Sunday, June 20, 2010
Her father's daughter
This is our daughter, Morgan Paige Livingston:
She has her father's mischievous grin, his wide hands, his curious nature, his innate ability to make me laugh until my sides ache and his, well... his everything, really.
(Except those big eyes, those are all mine.)
There have been times that I've felt like this whole parenthood thing is a bit unfair. I was the one with swollen feet and leg cramps. I was the one who experienced the never ending need to pee for nine months. I'm the one who was in labor for 20 hours. I'm the one who had to be stitched up and bled for weeks after delivery. I'm the one who had engorged breasts and cracked and bleeding nipples. Not that she isn't worth dealing with these ailments PLUS A THOUSAND MORE, the point is that I was the one who suffered all the physical pain of bringing her into this world, yet he is the one that she resembles most. Where's the justice in that?
But then there are the times that I watch them wrestling on the living room floor or quietly sitting together on the couch, just father and daughter making beautiful memories. Or the times that he steps outside to move the sprinkler and when he returns, she kicks wildly and squeals with delight as if he's been gone for several days rather than just a few minutes. And the laughs: the deep, unbridled laughs that only he can manage to evoke from her. The laughs that, just like his, are extremely contagious. And there are the tender moments when he thinks I've left the room and he begins singing to her or when he kisses her on the forehead and says "Good night, my Mo" as she drifts off to sleep. It's during times like these that I realize: HIS CONTRIBUTION IS JUST AS SIGNIFICANT, JUST AS CRUCIAL, AS MINE.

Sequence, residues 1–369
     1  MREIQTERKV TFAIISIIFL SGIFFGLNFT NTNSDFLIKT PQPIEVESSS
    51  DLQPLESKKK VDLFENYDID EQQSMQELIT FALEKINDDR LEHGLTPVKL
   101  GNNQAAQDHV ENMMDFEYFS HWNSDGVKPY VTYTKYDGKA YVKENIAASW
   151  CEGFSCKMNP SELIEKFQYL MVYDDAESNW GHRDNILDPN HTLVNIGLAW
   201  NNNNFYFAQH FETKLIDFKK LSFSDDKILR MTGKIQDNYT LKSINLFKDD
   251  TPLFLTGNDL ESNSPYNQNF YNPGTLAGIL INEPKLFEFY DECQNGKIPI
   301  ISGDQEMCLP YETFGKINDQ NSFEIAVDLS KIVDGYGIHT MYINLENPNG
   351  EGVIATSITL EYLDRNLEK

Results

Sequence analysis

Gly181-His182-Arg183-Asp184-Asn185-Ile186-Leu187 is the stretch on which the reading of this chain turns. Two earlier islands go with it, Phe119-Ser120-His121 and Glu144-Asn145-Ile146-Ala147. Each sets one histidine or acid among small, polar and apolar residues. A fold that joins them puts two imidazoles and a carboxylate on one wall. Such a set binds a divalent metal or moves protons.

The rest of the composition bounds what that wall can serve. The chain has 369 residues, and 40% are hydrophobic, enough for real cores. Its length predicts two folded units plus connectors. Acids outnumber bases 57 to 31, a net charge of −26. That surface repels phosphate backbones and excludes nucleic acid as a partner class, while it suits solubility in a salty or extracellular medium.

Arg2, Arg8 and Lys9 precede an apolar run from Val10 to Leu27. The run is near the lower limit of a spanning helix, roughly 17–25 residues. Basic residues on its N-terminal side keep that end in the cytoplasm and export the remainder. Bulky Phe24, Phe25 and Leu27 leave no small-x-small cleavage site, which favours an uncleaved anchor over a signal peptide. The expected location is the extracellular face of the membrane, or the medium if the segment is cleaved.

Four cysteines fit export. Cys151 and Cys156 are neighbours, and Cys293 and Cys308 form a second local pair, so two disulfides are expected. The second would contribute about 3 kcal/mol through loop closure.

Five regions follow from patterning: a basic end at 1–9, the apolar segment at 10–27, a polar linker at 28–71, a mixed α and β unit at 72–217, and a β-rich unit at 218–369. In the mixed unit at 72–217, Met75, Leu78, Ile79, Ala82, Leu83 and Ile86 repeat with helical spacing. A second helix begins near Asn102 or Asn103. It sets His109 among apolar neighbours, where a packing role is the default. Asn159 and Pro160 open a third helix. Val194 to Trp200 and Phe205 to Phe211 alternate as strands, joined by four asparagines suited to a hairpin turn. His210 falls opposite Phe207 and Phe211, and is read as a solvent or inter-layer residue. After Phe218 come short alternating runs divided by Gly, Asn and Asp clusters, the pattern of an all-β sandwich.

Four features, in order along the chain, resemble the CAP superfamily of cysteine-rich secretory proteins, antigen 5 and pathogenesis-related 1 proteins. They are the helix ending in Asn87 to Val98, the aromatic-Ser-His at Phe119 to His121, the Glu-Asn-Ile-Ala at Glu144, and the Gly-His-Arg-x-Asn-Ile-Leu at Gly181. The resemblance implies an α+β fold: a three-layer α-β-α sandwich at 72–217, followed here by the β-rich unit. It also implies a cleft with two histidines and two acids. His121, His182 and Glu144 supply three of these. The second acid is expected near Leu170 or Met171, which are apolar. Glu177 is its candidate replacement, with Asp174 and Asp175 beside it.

He may not have carried her for nine months, but he was there to flex my foot and rub my calf when I got leg cramps. He never once complained about driving to the gas station to get me a chili cheese dog and a Twinkie. He was there to help me climb into the truck when I was too big to pull myself up. He was there, pushing right along with me, during labor. He has always been willing to get out of bed and bring her to me when she cries. He offers to watch her so I can take a bubble bath and catch up on some reading. He'll hold her when she scrapes her knees. He'll open popsicle wrappers and juice cartons for her. He'll take her on daddy-daughter dates. He'll teach her how to drive a stick-shift. He'll be outraged when she gets her heart broken for the first time. He'll be able to teach her things I don't know and he'll be able to provide for her in ways that I can't. We will share the happiness, the heartache, the laughs, the triumphs, the disappointments and the adventures of parenthood, and really, that's what matters.
I think of what my life would be like without him, if he had looked back at me through that glowing campfire and said "I like you and all, but I really don't see this going anywhere". He could have walked out of my life a number of times, he could have given his heart and soul to another woman. But instead, he chose me...he chose us.
So, I suppose there is justice in their likeness, after all. He so deserves it.